WASHINGTON (AP) - From a shabby, makeshift office, he ran a global terrorist empire. The world's most wanted man watched newscasts of himself from a tiny television perched atop a rickety old desk cluttered with wires.
For years, the world only saw Osama bin Laden in the rare propaganda videos that trickled out, the ones portraying him as a charismatic religious figure unfazed by being the target of worldwide manhunt.
On Saturday, the U.S. released a handful of videos, selected to show bin Laden in a much more candid, unflattering light. In the short clips, bin Laden appears hunched and tired, seated on the floor, watching television wrapped in a wool blanket and wearing a knit cap. Outtakes of his propaganda tapes show that they were heavily scripted affairs. He dyed and trimmed his beard for the cameras, then shot and reshot his remarks until the timing and lighting were just right.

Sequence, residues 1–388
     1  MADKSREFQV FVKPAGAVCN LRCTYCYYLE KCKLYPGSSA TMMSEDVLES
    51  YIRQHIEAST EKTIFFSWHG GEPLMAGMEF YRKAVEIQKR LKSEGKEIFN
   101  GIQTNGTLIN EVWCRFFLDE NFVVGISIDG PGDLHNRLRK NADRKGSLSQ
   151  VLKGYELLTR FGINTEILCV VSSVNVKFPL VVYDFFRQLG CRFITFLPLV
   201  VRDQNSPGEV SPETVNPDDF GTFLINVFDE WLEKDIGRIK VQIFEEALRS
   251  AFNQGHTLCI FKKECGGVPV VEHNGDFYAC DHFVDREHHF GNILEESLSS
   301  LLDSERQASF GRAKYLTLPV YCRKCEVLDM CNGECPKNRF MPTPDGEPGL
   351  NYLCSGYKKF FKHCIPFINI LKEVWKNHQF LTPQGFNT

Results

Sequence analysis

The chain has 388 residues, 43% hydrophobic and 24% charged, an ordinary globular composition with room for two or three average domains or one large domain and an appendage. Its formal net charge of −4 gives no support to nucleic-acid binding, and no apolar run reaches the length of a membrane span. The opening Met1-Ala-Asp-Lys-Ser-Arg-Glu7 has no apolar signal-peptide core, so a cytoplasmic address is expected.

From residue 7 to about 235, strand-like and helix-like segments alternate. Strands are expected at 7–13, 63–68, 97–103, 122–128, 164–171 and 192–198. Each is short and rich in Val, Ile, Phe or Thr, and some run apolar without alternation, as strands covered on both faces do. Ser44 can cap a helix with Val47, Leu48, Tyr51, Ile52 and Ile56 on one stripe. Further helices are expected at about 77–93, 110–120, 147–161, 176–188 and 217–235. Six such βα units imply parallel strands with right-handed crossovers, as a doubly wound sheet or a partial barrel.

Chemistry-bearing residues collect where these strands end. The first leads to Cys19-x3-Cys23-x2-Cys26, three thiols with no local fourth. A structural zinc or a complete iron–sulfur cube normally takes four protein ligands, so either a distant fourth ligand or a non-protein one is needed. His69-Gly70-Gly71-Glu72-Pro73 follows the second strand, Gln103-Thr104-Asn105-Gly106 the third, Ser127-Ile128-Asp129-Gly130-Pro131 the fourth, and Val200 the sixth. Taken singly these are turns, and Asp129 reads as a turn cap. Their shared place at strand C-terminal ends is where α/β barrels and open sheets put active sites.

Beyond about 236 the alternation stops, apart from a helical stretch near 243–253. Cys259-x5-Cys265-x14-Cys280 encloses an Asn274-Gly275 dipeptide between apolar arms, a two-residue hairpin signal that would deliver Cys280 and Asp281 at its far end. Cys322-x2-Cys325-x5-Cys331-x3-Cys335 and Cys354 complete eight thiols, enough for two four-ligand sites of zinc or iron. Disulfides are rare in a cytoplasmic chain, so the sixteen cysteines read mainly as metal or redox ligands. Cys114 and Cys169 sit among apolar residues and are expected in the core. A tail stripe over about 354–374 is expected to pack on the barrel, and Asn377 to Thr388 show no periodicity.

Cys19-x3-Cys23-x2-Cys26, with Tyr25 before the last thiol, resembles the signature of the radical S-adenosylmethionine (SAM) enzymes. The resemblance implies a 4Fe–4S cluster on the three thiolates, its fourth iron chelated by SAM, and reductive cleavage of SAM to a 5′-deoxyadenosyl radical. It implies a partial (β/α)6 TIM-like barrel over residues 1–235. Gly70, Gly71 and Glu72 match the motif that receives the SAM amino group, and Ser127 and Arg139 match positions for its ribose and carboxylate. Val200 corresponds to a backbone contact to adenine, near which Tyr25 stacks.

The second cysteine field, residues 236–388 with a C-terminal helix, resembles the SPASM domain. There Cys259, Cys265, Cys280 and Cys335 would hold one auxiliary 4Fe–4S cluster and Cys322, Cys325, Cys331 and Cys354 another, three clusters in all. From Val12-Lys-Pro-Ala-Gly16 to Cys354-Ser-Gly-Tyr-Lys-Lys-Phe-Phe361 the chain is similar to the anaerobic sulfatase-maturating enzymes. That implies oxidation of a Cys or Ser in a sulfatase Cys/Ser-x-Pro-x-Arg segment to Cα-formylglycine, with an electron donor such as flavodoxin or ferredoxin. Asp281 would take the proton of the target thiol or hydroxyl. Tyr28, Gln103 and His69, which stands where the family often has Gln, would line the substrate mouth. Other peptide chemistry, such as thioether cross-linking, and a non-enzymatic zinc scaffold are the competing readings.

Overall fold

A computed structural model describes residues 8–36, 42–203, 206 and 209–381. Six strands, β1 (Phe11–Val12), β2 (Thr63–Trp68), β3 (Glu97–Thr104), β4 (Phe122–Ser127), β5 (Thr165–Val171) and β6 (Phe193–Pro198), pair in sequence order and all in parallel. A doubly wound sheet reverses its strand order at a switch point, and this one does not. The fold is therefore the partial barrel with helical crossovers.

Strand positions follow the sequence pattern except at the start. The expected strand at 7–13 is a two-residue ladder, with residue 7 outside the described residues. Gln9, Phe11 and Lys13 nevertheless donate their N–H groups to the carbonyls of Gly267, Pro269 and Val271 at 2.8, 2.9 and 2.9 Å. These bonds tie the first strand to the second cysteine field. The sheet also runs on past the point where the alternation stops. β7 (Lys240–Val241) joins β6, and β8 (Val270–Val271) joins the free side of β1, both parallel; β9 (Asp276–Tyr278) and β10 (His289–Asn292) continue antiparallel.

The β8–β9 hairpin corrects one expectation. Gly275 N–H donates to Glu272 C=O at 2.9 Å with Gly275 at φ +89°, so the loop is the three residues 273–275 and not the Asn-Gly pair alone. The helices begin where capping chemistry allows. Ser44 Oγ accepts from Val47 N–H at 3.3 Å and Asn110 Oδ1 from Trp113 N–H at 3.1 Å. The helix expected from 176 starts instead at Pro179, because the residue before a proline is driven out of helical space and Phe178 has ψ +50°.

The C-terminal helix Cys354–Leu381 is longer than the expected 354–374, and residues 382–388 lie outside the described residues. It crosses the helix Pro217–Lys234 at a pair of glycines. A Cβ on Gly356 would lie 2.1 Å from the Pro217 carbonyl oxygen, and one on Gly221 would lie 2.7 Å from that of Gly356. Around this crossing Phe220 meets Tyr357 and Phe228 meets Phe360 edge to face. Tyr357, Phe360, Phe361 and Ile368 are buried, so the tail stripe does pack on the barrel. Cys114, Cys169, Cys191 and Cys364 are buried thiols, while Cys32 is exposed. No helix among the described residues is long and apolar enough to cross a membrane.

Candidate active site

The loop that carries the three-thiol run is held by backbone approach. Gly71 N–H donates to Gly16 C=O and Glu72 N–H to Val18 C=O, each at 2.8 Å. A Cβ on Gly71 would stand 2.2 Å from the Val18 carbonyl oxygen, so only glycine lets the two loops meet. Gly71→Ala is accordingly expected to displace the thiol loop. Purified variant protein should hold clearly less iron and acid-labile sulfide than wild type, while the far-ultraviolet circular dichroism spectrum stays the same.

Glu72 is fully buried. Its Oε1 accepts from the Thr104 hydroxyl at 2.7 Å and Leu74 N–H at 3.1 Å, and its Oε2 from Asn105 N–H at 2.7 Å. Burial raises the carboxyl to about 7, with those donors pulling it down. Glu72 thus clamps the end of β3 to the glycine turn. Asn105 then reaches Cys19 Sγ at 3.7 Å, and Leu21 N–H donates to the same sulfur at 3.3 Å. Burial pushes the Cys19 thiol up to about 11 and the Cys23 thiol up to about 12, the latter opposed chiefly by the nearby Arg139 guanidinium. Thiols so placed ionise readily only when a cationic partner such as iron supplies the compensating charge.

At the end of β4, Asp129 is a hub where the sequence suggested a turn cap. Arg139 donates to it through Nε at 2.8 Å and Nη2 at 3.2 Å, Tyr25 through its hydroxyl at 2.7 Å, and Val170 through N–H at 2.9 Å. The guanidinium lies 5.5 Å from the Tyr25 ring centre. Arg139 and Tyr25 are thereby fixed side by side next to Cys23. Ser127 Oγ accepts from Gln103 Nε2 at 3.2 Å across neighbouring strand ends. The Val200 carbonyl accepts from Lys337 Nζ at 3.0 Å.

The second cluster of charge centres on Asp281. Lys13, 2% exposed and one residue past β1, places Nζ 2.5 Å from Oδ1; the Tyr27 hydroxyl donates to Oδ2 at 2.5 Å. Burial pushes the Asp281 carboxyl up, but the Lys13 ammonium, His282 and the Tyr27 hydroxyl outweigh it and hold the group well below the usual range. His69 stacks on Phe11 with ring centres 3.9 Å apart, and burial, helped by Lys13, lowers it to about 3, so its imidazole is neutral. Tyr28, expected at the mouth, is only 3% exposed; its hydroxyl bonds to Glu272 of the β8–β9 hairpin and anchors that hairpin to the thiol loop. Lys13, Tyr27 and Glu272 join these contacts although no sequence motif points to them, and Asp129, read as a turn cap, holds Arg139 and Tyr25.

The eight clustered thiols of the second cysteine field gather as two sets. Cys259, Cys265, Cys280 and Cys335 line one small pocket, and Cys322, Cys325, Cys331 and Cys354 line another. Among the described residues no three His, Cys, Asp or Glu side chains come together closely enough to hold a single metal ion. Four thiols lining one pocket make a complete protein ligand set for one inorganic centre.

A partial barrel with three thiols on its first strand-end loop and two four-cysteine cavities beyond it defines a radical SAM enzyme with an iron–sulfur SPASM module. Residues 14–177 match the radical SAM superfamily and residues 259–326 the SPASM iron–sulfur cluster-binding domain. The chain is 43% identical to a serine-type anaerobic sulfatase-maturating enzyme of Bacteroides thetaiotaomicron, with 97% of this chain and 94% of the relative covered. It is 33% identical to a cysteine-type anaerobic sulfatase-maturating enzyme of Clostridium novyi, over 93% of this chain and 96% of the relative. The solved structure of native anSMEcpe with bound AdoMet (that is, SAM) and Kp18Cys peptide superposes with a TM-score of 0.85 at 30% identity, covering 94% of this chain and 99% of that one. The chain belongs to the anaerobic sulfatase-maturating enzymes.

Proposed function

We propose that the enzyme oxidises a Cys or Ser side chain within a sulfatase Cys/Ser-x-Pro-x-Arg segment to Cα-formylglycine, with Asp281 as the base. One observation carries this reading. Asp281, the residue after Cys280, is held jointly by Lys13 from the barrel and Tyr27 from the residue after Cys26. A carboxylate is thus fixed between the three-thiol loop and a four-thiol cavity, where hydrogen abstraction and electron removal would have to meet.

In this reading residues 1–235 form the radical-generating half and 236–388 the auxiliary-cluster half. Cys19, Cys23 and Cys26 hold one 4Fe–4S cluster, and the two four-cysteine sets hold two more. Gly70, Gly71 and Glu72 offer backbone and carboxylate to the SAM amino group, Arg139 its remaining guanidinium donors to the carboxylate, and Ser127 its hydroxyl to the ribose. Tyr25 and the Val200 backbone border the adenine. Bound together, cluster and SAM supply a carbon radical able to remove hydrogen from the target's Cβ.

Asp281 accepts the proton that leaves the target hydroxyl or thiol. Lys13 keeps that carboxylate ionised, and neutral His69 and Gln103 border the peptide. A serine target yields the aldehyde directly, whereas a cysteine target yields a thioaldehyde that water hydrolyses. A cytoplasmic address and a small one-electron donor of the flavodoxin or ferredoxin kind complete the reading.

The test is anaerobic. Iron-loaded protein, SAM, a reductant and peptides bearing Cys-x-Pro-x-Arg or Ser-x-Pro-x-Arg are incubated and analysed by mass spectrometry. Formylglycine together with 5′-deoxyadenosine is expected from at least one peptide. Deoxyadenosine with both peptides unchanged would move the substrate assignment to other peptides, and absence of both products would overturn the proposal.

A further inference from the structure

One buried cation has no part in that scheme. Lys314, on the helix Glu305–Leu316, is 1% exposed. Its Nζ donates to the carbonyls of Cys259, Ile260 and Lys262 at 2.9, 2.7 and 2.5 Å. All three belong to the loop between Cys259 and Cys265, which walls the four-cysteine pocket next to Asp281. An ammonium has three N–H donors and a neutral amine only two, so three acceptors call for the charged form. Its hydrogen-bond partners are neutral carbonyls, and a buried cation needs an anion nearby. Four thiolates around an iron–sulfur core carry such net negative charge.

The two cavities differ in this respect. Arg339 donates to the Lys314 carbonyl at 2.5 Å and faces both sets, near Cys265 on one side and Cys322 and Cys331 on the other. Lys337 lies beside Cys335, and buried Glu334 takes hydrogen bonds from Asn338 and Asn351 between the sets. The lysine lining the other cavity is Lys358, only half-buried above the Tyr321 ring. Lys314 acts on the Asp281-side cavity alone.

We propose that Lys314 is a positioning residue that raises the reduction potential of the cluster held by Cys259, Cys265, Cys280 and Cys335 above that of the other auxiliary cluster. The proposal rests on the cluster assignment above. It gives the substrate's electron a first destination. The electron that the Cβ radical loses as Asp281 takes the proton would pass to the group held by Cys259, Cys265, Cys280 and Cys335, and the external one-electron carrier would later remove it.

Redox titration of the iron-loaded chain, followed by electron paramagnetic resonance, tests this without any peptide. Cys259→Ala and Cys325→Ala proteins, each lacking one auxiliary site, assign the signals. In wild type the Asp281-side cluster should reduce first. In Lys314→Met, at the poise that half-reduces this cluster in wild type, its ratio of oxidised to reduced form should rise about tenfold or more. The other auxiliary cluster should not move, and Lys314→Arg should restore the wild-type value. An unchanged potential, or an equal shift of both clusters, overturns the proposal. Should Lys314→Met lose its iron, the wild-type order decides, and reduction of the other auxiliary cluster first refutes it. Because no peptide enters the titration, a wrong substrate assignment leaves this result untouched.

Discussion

The videos were among the evidence seized by Navy SEALs after a pre-dawn raid Monday that killed bin Laden in his walled Pakistani compound. The movies, along with computer disks, thumb drives and handwritten notes, reveal that bin Laden was still actively involved in planning and directing al-Qaida's plots against the U.S., according to a senior U.S. intelligence official who briefed reporters Saturday and insisted his name not be used.
"The material found in the compound only further confirms how important it was to go after Bin Laden," said CIA director Leon Panetta in a statement Saturday.
"Since 9/11, this is what the American people have expected of us. In this critical operation, we delivered."m